Sacramento's Creeks & Sloughs
A Brief Overview with Historical Vignettes
by Rick Bettis, March 8th, 1998
Click on the creek name to the left to view a brief history.
Due to its unique location and topography, the Sacramento
area has many creeks and sloughs. Sacramento is located
near the base of the Sierra with a rolling terrain that
results in numerous watersheds. As it approaches the
confluence of the American and Sacramento Rivers, the
topography becomes quite flat, characterized by meandering
sloughs, wetlands and shallow lakes. There are now more
than forty named creeks and sloughs in the county. However,
many have been altered and some completely lost.
For centuries the native people, the Nisenan, or Southern
Maidu, lived in this area, peacefully and productively,
coexisting with the natural environment, of which the creeks
and sloughs were an important part. They used the plants,
mammals, fish and birds found along these waterways for
shelter, tools food and medicine. However, they did not
harvest these resources to an extent that resulted in permanent
loss. They practiced a sustainable lifestyle long before such
a term was coined. For example, they gathered the acorns of
the California Oaks as the primary staple of their diet. They
also harvested the rapidly regrowing willows for use in
building shelters, making baskets and producing a medicinal
tea. It was centuries later that salicylic acid that is derived
from willow was "discovered" by the founder of the Bayer company
for use as the active ingredient in asperin.
This benign and sustainable lifestyle changed with the arrival
of eastern and foreign immigrants. Early settlers such as
Captain John Sutter did not substantially alter the creeks and
sloughs although their farming practices did have some impact.
The major effects on this natural world started with the
discovery of gold and the period when the "world rushed in".
The sesquicentennial of this landmark event is now being
commemorated with three years of special events throughout the
state. In the early years there was a true zest for battling
nature. A February 1, 1867 editorial in the Bee stated that "...it
is not the object of engineering to locate your strong works in
the place of safety but to locate them where the danger is to be
Historically, Arcade Creek flowed through a large wetland and
then to Bush Lake. It has been cut off by the NEMDC and has
been channelized through the North Sacramento area. With the
exception of Del Paso Park its watershed is mostly developed
and there have been many local alterations in its upper reaches.
Arcade Creek plays a significant, albeit passive, role in
California's development. It is crossed by the first
transcontinental railroad. Based on its desire to "unite the
Union" during the Civil War, the federal government passed the
Railroad Act of 1861 which authorized the two competing railroad
companies, the Central Pacific and the Union Pacific, a reward
or subsidy for each mile completed. For the Central Pacific,
CPRR the amounts were $48,000 per mile in the Sierra, and $16,000
for other terrain. Theodore Judah, CPRR Chief Engineer, had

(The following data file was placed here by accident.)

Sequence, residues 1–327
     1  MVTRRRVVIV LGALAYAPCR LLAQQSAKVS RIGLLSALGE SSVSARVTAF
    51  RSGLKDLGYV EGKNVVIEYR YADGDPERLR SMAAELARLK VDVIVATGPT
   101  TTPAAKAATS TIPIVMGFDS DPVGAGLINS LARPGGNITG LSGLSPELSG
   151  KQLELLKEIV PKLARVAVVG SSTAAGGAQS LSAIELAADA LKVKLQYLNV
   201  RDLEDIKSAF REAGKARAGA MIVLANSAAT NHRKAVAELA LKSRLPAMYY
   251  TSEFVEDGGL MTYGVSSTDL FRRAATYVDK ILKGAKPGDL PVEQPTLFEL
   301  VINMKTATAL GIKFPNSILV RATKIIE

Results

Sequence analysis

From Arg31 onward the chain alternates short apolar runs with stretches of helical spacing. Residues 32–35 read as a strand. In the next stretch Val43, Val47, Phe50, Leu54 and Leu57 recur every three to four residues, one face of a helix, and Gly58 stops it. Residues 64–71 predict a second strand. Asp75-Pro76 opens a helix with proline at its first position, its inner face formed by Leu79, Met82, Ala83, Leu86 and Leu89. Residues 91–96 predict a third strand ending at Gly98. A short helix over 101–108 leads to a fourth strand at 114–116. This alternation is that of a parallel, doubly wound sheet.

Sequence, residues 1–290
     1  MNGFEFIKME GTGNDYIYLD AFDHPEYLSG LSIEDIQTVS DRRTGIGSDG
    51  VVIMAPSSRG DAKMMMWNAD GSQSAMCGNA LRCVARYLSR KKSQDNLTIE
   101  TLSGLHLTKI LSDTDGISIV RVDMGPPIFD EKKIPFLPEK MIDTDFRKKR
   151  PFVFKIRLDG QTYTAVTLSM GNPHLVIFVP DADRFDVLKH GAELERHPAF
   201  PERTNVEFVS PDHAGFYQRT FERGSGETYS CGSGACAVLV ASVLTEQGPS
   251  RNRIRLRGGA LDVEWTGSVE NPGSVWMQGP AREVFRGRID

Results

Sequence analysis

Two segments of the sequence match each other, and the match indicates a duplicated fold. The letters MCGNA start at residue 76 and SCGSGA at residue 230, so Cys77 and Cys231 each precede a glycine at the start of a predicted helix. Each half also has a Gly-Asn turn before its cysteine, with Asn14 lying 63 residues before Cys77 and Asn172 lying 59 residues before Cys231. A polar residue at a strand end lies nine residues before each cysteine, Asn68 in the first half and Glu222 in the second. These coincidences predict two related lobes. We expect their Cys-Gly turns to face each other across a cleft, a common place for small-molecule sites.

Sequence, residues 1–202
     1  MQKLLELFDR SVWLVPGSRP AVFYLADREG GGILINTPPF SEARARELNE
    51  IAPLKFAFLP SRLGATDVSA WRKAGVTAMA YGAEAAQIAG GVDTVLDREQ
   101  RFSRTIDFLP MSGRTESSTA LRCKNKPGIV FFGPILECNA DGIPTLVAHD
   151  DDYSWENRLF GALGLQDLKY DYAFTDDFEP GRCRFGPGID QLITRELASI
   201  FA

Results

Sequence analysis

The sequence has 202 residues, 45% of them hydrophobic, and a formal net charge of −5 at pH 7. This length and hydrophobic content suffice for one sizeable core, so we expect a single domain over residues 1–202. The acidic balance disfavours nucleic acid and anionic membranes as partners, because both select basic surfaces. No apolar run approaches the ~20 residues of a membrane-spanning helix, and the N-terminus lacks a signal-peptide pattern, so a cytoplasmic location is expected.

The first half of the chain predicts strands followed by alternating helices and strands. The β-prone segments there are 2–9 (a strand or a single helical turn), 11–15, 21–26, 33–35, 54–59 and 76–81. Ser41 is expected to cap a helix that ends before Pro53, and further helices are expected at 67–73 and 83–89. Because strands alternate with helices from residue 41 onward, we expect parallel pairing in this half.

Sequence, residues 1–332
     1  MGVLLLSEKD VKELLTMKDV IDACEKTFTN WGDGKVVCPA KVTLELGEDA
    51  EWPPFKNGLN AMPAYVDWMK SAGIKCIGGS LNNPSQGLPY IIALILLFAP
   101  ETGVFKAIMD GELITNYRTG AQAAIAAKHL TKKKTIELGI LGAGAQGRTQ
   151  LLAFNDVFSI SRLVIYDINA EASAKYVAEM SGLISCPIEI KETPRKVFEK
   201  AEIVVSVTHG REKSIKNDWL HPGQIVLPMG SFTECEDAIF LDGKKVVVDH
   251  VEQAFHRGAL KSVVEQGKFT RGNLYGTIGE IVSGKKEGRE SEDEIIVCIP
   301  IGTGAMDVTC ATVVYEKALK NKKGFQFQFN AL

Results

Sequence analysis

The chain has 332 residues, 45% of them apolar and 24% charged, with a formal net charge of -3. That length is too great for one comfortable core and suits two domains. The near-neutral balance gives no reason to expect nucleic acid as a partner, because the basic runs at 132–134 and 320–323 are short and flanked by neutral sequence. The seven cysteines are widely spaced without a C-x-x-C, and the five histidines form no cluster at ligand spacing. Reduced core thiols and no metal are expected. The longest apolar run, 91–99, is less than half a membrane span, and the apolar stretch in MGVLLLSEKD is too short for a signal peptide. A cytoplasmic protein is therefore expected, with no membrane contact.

designated Newcastle, 31 miles east of the beginning of the
railroad as the base of the Sierra. However, Charles Crocker,
of the "Big Four" CPRR partners was able to convince Josiah
Whitney (for whom the mountain is named) Chief of the California
Geologic Survey, to recommend that Arcade Creek located seven
miles from the start of the line be declared the base of the
Sierra. This proposal generated controversy and accusations of
fraud, but it was finally approved by President Lincoln, based
on the government's desire to expedite completion of the railroad.
The headquarters of the vast, 44,000 acre Del Paso Ranch was
located at "the Arcade" near the creek. The ranch, controlled
by the lawyer-land baron, Ben Ali Haggin, featured the nation's
finest thoroughbreds during the late 19th century.
This slough once conveyed flows from the Bush (or Lower American)
Lake in the American Basin (Natomas) to the Sacramento River.
The first Bannon Slough has been mostly filled. However a small
remnant remains in the Bannon Creek Parkway in South Natomas.
The second Bannon Slough has been channelized and replaced by the
Natomas Main Drainage Canal operated by Reclamation District 1000.
The American Basin was reclaimed in the 1910-1915 period by the
Natomas Company. The Company had obtained the land from the State
for a one dollar per acre fee that could be used to help pay for
reclamation costs in accordance with a 1861 Tate law. The State
in turn had been granted these "swamp and overflowed" lands by
the federal government in accordance with the Arkansas Act of 1850
that required the State to take actions to reclaim these lands
for "productive" agricultural uses. The basin, a vast 58,000 acre
wetland area with lakes and marshes, became "Swamp and Overflowed
Land District No. 1" in California.
This historic slough came off the American River at the present
CSUS campus and flowed west and south through midtown to a
wetland area at the present site of Land Park, and eventually
to the Beach-Stone Lakes and Snodgrass Slough area in the south
county. The slough was the path of major flood events that
overtopped the American River. As the city grew in the 1860's-1870's
Burns Slough was diverted to the east. It was eventually filled
and replaced by constructed plank wall open ditches and finally,
beginning in the 1878, by a system of brick underground combined
storm drains and sewers. The final route of the slough was down
Alhambra Boulevard where it was replaced by a large underground
combined drain and sewer.
The ponds in McKinley Park and Sutter's Fort are remnants of the
original slough. In the early 1890's McKinley Park (then called
East Park) was owed by the Sacramento Electric Railway Company